This week it became known that Council of Europe Commissioner for Human Rights Nils Muiznieks is in a visit to Ukraine. The editorial office learned he was going to come to Kyiv in March. But taking into account the recent events in the country, he decided to go to Ukraine on a week-long visit immediately. Mr. Muiznieks will meet with governmental officials and representatives of the community. After the trip he is going to assess the events in Ukraine, and somewhat later a special report on the situation in the country will be published.
The Day asked the Chairman of the Board of the Center of Civil Freedoms, coordinator of the Civic Initiative Euromaidan SOS Oleksandra Matviichuk about the meaning of this visit and the probability that the illegal actions of Ukrainian power against Euromaidan activists will be considered in the International Criminal Court (The Hague).
“We know for sure that one of the tasks of this visit is launching the work of the Commission to Investigate Human Rights Violations in Ukraine, which will give a proper assessment of what has taken place in Ukraine. This commission, which includes a Council of Europe representative, is supposed to include as well one representative of the power and one – of the opposition. We have asked as well at the meetings with Council of Europe Commissioner for including representatives of the community, or at least finding a mechanism to involve the community in the work of this commission. We have also asked the Commissioner for Human Rights to organize a permanent mission for this period of time in regions of Ukraine. This mission, which would use his mandate, will have access to hospitals, raion departments, documents, and could prevent violence even by its physical presence there. Today we are meeting with the Commissioner and hope that after he examines the situation on the spot, he will make a decision to create this commission and grant his mandate to it.
“What is going on in Ukraine at the moment is a systemic, unpunished violation of the basic human rights, which not only runs counter to international standards and commitments of Ukraine, but also the national laws, regulations, and instructions. None of our documents reads that a person can be detained on the street and brought to a police department only for wearing a Euromaidan ribbon or being warmly dressed and wearing a helmet. None of our legislation acts reads that people can be beaten in police vans and medical ambulances.”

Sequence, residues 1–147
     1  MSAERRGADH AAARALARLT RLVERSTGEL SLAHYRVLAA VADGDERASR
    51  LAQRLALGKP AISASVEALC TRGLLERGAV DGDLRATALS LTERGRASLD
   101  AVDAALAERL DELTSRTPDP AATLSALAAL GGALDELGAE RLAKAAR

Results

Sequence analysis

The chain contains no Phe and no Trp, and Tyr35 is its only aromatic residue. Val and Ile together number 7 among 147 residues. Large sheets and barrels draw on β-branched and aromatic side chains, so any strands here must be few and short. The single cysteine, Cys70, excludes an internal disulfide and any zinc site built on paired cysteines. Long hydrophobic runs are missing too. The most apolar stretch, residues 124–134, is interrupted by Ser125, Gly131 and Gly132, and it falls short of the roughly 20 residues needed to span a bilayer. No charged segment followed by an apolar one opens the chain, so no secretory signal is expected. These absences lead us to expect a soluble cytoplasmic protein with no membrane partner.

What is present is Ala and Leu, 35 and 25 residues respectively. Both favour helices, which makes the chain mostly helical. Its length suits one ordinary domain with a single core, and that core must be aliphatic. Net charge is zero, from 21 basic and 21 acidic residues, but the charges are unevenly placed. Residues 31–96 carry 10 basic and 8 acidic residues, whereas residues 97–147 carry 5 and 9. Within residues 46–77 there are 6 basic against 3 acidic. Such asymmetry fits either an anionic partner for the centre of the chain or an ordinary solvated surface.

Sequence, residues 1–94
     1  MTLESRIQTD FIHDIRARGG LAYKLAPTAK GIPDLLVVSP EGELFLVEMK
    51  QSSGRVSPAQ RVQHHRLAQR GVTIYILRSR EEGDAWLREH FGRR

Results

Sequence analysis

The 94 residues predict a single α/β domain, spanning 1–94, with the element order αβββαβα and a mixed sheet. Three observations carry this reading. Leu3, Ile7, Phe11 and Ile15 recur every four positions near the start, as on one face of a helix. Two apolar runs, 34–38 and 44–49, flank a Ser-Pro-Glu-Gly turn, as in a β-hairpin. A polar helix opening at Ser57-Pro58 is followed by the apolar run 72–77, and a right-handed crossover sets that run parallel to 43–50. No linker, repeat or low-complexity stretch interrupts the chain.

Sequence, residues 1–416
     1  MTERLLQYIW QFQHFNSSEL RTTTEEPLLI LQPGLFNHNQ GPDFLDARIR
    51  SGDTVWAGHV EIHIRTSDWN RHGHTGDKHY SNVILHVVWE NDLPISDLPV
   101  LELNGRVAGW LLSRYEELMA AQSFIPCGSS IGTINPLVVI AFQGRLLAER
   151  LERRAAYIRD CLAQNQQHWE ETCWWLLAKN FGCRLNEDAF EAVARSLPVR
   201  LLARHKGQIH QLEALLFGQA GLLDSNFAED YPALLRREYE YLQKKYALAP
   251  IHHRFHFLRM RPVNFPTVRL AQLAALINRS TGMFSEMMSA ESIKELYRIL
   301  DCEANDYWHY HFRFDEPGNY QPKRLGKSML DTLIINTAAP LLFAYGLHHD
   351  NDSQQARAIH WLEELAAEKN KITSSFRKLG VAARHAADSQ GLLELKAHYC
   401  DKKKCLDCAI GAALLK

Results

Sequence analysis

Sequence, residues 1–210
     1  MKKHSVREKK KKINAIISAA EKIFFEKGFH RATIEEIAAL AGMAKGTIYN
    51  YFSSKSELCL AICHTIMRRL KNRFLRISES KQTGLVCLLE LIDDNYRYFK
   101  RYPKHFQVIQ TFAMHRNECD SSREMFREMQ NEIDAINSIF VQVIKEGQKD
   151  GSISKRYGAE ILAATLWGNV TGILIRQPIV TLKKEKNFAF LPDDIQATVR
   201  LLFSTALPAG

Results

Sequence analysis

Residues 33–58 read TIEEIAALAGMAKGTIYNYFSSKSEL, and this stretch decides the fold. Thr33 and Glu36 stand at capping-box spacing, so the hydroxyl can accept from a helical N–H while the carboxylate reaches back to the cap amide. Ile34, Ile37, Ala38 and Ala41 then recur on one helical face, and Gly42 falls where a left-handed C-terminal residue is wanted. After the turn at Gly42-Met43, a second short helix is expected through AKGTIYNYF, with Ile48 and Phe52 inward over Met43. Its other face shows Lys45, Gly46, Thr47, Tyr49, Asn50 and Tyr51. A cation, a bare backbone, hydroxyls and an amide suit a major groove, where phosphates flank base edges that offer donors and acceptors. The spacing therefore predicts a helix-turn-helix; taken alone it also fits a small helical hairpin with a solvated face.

Does the Eurocommunity have any instruments to influence the Ukrainian power to prevent further violations of human rights?
“There are strategic instruments, such as the work of this commission, consideration of the case in the European Court, drafting of various monitoring reports, special rapporteurs in the UN. But we have always emphasized that we need their reaction. Right now we need the presence of international observers, who could use their authority to stop these acts of violation of human rights we have. Secondly, our colleagues are working on blocking and freezing the accounts of oligarchs and officials involved in violations of human rights. And the question is not about sanctions. The thing is that EU countries have special laws which allow them to freeze the money kept in their banks, if it was accumulated in a criminal way. Therefore we are not suggesting that the EU countries made decisions (this is hard to do), but we are asking them to fulfill their own laws and freeze the accounts.”
Is there any probability that a case in The Hague may be launched against the incumbent power?
“The International Criminal Court in The Hague – that sounds good. But we should understand that Ukraine has not signed the Rome Statute, therefore it cannot be a subject of consideration in the International Criminal Court in The Hague. So, this court considers the cases in the state parties which have signed the Rome Statute. A year ago in the Universal Periodical Review Ukraine was recommended again to sign this statute, but the Ukrainian power has not fulfilled this.”